The Crude Oil Market Is a Double-Edged Sword



Higher crude oil prices

The recent crude oil rally is the longest weekly increase in the crude oil market since 1983. Crude oil prices have increased for nine weeks in a row. What’s the danger of rising oil prices? The US rig count is down almost 57% from last year’s levels. Baker Hughes (BHI) reported that the number of oil rigs in operation dropped by 11 to 668 for the week ending May 8, 2015. BHI will release the rig count data again today.

Oil prices continue to rally and have gained more than 3% this week. If oil prices stabilize around $65 per barrel, then US upstream players like EOG Resources (EOG) and Pioneer Natural Resources (PXD) will resume drilling activity. What happens then?

The recent rally is supported by slowing US output and declining inventories. Higher oil prices mean oil companies will resume production. As a result, the US will see a rise in oil production. This means US production will start increasing by the end of 2015 or early 2016.

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In the current oil market situation, there’s a crude oil surplus of 1.5 MMbbls (million barrels). The IEA (International Energy Agency) projects a surplus of 3.2 MMbpd (million barrels per day) in April 2015 compared to previous years. OPEC (Organization of the Petroleum Exporting Countries) crude oil production from Russia, Brazil, China, Vietnam, and Malaysia will continue to rise in 2015. This means the oil glut isn’t over.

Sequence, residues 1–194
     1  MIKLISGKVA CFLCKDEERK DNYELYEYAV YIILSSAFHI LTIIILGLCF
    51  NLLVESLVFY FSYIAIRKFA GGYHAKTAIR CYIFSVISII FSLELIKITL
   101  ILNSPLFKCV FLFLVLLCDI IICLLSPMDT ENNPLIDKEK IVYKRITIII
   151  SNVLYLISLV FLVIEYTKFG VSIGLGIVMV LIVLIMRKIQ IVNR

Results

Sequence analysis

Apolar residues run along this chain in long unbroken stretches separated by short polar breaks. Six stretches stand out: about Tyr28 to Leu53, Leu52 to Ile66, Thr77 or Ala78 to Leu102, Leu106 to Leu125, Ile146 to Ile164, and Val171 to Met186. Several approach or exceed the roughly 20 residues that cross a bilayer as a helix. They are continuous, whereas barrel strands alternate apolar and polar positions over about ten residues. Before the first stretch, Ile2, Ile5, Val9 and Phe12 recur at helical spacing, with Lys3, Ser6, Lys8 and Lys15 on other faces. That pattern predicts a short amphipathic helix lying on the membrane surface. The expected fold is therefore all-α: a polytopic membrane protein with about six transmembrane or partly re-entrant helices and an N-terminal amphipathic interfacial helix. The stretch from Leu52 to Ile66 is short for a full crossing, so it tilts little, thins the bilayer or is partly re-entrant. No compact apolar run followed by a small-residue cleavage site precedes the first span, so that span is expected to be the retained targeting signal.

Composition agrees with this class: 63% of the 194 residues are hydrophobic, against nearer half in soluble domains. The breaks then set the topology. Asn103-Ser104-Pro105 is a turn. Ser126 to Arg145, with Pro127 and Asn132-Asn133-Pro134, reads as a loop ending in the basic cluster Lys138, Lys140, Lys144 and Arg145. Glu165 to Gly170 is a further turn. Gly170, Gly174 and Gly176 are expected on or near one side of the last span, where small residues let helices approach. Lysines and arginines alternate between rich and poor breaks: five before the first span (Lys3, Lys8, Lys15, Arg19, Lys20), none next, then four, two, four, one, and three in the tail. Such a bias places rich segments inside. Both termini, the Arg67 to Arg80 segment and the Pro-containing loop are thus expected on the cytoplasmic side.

US inventory

On May 13, the EIA (U.S. Energy Information Administration) reported that the weekly stockpile dropped by 2.2 MMbbls to 484.8 MMbbls for the week ending May 8, 2015. Inventories were at 487 MMbbls the previous week. These stockpiles are at their highest levels since 1930.

Another rise in production means a fall in oil prices is inevitable. The only possible remedy for the crude oil market is for demand to pick up. Otherwise oil prices will fluctuate broadly. Chinese demand is slowing down, but imports are increasing. Lower oil prices could spike short-term demand. The near-term benefit of more production means more market share. There’s no real catalyst for a massive demand spike.

Oil and gas ETFs such as the Energy Select Sector SPDR Fund (XLE) and the SPDR Oil and Gas ETF (XOP) fell in yesterday’s trading, following the direction of crude oil prices.


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